Advocates Push for Clarity on Federal Deportation Law

Can counties opt out of Secure Communities or not? Next week, they'll know.

By Seth Freed Wessler Oct 29, 2010

Federal officials may soon be forced to come clean about whether local governments can opt out of a controversial deportation program. For months, localities have been led to believe one thing and then told another about their ability to choose not to participate in the Secure Communities program. Now, advocates and communities are hopeful that the Department of Homeland Security will finally confirm that municipalities can choose not to participate in the program, which has resulted in the deportation of tens, maybe hundreds of thousands of people.

Secure Communities sends finger prints on everyone booked into local jails to ICE, the federal immigration agency. Last Summer, Secretary of Homeland Security Janet Napolitano confirmed that local governments may determine for themselves whether they’ll participate in the program. But after at least four counties–Santa Clara, Ca; Arlington, VA; San Francisco, CA; and Washington, D.C.–voted to opt out of the program, the department flip flopped, telling local governments that Secure Communities goes into effect automatically.

Now, three counties that already voted against participation say they’re confused,  and officials from those communities will meet with DHS next week to ask for clarity. In the meantime, a group of immigrant rights organizations have filed an injunction demanding that the government release all documents in the program immediately.

"We think we’ll get proof that the program is voluntary," says Sarahi Uribe, an organizer with the National Day Laborers Organizing Network, which filed the injunction along with the Center for Constitutional Rights and the Immigration Law Clinic at Cardozo Law School. "That had been the case since Janet Napolitano and John Morton did a 180."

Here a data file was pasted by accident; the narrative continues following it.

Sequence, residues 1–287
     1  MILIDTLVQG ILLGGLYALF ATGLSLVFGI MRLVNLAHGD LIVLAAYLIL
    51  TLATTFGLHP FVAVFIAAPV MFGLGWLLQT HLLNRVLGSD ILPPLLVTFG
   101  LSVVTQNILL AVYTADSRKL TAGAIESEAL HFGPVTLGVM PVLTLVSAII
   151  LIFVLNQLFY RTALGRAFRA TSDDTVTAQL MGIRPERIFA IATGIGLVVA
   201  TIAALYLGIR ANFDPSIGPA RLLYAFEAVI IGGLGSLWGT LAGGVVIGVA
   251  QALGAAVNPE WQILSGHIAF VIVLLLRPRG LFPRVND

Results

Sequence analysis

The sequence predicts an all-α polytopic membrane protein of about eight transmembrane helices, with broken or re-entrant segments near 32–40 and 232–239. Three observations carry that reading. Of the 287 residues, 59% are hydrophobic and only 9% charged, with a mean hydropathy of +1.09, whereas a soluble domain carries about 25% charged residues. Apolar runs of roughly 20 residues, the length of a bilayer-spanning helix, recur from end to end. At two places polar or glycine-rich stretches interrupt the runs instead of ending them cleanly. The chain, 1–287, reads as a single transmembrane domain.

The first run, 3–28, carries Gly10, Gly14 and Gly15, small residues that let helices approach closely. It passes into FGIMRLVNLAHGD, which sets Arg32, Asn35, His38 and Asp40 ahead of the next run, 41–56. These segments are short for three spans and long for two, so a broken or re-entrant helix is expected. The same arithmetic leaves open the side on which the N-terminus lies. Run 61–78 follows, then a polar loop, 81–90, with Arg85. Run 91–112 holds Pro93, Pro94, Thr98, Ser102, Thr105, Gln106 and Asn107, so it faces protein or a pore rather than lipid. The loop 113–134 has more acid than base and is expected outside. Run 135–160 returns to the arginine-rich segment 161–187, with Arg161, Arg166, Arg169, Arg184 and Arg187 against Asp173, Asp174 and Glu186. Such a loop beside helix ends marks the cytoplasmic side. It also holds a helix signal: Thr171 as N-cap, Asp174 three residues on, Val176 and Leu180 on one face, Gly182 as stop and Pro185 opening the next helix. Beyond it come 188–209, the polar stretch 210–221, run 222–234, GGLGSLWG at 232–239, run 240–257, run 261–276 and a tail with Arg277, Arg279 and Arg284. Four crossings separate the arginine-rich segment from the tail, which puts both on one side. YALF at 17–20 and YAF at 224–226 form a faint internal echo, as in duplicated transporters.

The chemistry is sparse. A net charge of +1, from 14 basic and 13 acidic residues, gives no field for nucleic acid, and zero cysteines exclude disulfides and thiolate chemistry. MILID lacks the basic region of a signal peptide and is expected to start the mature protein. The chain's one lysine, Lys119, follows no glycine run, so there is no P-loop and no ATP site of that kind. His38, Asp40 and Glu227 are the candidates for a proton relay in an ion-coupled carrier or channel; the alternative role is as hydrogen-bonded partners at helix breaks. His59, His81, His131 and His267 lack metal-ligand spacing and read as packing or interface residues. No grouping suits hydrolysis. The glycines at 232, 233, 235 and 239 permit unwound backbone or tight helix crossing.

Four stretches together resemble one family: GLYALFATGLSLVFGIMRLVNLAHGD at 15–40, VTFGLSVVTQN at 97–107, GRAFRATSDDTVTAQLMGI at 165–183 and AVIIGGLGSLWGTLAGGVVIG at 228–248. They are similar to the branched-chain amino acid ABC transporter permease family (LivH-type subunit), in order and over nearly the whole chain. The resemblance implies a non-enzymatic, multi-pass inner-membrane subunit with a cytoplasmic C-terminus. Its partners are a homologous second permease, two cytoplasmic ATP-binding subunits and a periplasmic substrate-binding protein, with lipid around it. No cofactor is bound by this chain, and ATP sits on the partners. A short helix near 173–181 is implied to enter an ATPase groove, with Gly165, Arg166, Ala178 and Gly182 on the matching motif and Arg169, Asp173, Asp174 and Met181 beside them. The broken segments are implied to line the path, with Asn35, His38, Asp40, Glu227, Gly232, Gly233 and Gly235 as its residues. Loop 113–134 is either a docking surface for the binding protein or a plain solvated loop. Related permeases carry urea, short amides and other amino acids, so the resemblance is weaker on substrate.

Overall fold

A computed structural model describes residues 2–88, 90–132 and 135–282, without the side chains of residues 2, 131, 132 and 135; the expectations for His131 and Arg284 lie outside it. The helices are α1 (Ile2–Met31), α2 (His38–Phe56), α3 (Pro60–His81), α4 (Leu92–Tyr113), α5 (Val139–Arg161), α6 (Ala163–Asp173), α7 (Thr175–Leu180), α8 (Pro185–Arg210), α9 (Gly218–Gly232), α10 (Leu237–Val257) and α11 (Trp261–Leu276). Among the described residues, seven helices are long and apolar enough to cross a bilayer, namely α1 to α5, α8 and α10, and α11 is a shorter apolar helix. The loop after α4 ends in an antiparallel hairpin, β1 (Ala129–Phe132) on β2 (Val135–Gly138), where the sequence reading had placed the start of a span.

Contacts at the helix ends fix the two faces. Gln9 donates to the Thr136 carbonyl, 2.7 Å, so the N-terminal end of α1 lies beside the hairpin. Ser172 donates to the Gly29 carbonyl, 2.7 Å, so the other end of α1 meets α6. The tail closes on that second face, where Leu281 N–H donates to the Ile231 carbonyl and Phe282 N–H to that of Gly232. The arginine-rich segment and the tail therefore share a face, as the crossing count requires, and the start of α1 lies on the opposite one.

The injunction seeks to force the release of documents that were not revealed until last summer as part of a Freedom of Information Act suit filed by the same groups. That suit did force the government to release data on Secure Communities that painted a troubling picture of the program thus far. The government says Secure Communities focuses on deporting non-citizens with serious criminal records. But the data revealed that it’s mostly resulted in the deportation of people with no convictions at all or only very minor convictions like a traffic violation.

Secure Communities is rapidly expanding and is now operational in municipalities in at least 32 states. The entire states of Texas, West Virginia and Arizona participate in the program.

But as the program grows, the movement against it is also spreading. "There are number of other municipalities that are asking about opting out too and the documents we want documents released that will help them," says Uribe. Her group and others are circulating a petition to demand the government secure the right of localities to opt out of the program.

The government’s obfuscation about Secure Communities may have a silver lining. "Is a testament that ICE saw what was coming when the cities opted out," says Uribe. "It’s appalling that they’d crack down on local democratic processes but it is a sign that they’re taking notice."